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A research study of methylation as an epigenomic biomarker in rare ophthalmic diseases

Researchers based in Queen’s University Belfast (QUB), UK have reported a systematic review of differential methylation in rare ophthalmic diseases.  Methylation of key epigenomic biomarkers, such as DNA methylation or histone modification, has identified a review of at least eight studies showing pathogenic biomarkers for ophthalmic disease.  These ophthalmic disorders include brittle cornea syndrome, choroideraemia, FECD (Fuchs endothelial corneal dystrophy), retinitis pigmentosa (RP), Retinopathy of prematurity and others.  Importantly, DNA methylation may evaluate a potential novel therapeutic target in two studies of RP with methyltransferase inhibitors (decitabine and 3-Deazaneplanocin A) which has now reported to reduce RP phenotype progression.  Further epigenomic research may likely uncover new diagnostic and therapeutic opportunities for ophthalmic rare disease.


Rare diseases in the European Union are defined as conditions which affect fewer than 1 in 2,000 people, while in the USA, rare diseases are defined as conditions which affects less than 200,000 people in the population.  According to researchers, rare diseases estimate to affect 3.5 million people in the UK, 30 million people across Europe, 25–30 million people in the USA and 350 million people worldwide.  The National Ophthalmic Disease Genotyping and Phenotyping Network (eyeGENE), created by the National Eye Institute, has reported >130 publications of studies researching genetic mutations in rare ophthalmic diseases however, there is a limited information for research on methylation studies among rare ophthalmic diseases.  This compares to research on epigenetic markers of common diseases, including diabetic retinopathy, age-related macular degeneration and cataracts.  The current research in Queen’s University has proposed to assess the potential for methylation as an epigenomic marker of rare ophthalmic disease and this potential may contribute to early diagnosis, management, reduction of vision loss and the identification of novel therapeutic targets.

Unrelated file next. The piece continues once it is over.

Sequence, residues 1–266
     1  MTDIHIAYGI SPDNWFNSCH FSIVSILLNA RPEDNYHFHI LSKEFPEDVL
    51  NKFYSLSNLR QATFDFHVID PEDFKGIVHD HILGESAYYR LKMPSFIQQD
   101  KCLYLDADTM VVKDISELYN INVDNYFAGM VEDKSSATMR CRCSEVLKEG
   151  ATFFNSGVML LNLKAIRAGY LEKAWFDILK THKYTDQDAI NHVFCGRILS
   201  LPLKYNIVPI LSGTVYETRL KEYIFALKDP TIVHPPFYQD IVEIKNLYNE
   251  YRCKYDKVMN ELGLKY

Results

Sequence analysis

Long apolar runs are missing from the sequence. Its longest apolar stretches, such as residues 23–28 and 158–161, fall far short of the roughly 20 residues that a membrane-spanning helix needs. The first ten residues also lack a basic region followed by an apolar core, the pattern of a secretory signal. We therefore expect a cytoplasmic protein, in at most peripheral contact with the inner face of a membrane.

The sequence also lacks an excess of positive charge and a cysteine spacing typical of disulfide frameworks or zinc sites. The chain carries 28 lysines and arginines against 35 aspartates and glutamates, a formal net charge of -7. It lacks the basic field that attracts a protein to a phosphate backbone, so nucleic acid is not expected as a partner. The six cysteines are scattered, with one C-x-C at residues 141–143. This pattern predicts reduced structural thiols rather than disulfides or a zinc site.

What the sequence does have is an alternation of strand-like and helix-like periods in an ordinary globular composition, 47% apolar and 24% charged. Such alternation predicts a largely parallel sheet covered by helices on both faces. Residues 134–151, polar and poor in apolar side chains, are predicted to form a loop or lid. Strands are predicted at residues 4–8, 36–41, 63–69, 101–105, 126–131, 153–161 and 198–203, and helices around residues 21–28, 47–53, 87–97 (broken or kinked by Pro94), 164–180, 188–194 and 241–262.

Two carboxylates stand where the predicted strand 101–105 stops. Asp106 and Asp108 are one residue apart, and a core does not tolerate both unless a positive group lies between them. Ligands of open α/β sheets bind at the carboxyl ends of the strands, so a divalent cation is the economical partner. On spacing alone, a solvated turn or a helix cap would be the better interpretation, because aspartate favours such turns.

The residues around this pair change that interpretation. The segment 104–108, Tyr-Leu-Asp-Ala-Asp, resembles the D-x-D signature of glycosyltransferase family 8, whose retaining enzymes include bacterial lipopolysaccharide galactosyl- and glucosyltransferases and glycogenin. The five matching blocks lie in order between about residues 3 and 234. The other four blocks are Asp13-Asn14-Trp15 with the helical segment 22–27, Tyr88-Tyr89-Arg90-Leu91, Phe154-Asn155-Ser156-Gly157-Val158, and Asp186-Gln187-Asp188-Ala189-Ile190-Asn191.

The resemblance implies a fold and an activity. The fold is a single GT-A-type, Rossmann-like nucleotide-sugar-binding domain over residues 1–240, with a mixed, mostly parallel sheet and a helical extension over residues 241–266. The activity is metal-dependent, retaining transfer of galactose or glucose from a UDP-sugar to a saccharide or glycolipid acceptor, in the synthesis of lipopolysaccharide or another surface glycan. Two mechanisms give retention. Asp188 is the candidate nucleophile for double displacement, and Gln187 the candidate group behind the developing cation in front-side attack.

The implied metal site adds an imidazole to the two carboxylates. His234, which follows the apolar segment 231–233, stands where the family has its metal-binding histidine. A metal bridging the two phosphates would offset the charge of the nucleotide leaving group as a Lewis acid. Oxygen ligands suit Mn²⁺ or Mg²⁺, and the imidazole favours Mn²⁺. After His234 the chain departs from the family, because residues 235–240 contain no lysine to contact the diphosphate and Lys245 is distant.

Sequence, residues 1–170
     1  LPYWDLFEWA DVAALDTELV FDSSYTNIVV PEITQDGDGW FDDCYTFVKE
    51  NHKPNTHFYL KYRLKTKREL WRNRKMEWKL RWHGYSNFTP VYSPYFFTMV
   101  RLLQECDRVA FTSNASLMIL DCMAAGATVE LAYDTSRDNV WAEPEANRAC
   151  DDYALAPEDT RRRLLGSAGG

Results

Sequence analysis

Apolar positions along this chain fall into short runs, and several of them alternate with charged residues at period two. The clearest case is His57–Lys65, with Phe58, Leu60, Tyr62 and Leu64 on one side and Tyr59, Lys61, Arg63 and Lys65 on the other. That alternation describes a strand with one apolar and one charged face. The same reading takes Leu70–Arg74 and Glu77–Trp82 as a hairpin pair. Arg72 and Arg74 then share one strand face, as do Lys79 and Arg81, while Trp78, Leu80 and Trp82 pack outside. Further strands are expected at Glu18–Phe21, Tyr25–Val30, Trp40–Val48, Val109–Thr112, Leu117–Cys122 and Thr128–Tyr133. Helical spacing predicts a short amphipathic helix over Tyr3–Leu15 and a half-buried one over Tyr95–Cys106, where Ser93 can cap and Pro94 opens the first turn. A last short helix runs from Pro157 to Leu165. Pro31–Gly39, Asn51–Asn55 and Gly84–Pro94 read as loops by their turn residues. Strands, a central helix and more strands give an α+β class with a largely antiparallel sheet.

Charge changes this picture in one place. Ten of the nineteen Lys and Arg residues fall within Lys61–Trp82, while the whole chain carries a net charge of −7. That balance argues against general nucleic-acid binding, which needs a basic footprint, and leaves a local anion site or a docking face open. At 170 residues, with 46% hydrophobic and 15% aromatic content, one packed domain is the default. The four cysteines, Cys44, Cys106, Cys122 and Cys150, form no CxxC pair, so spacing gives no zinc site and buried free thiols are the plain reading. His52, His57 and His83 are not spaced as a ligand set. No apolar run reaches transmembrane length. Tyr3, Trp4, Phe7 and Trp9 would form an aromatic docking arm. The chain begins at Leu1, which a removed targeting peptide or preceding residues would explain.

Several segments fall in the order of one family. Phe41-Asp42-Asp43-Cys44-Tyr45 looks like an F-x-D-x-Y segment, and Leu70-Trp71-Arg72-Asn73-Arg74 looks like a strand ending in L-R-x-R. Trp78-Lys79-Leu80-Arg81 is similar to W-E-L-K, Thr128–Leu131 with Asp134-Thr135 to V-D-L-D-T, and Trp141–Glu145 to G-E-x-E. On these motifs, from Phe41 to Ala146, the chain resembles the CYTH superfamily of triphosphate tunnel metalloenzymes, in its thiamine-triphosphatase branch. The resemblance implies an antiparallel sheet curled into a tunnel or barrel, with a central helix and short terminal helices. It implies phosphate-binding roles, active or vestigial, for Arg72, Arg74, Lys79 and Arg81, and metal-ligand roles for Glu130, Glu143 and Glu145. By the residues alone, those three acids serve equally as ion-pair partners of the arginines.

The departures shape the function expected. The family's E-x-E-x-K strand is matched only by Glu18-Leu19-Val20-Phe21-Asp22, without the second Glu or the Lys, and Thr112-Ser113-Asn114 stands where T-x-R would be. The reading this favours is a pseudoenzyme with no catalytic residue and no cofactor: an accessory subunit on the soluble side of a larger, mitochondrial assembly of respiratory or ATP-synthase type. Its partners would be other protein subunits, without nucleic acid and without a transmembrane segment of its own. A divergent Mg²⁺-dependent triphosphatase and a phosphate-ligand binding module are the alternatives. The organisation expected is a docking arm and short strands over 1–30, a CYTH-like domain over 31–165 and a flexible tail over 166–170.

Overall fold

The current systematic research screened 132 sources which finally analysed 14 papers having met the relevant inclusion/exclusion criteria for review. As highlighted, aberrant methylation was established as a pathogenic biomarker of ophthalmic disease in eight studies and also reported DNA methylation as a potential novel therapeutic target in two studies of RP.  Commenting on the review, the researchers stated that, “patients with rare ophthalmic conditions can face difficulties obtaining a diagnosis, and treatment for their condition is often limited which can have severely detrimental impacts for a patient’s vision. Therefore, there is a need for improving our understanding of these conditions, to aid diagnosis, provide prognoses or identify therapeutic targets which could correct or halt degeneration in patients with rare eye dysfunction.”  Finally, the systematic review study concluded that “epigenomic markers such as DNA methylation with genomic analysis has the potential to aid diagnosis, limit loss of patient vision and ultimately improve patient independence and quality of life.”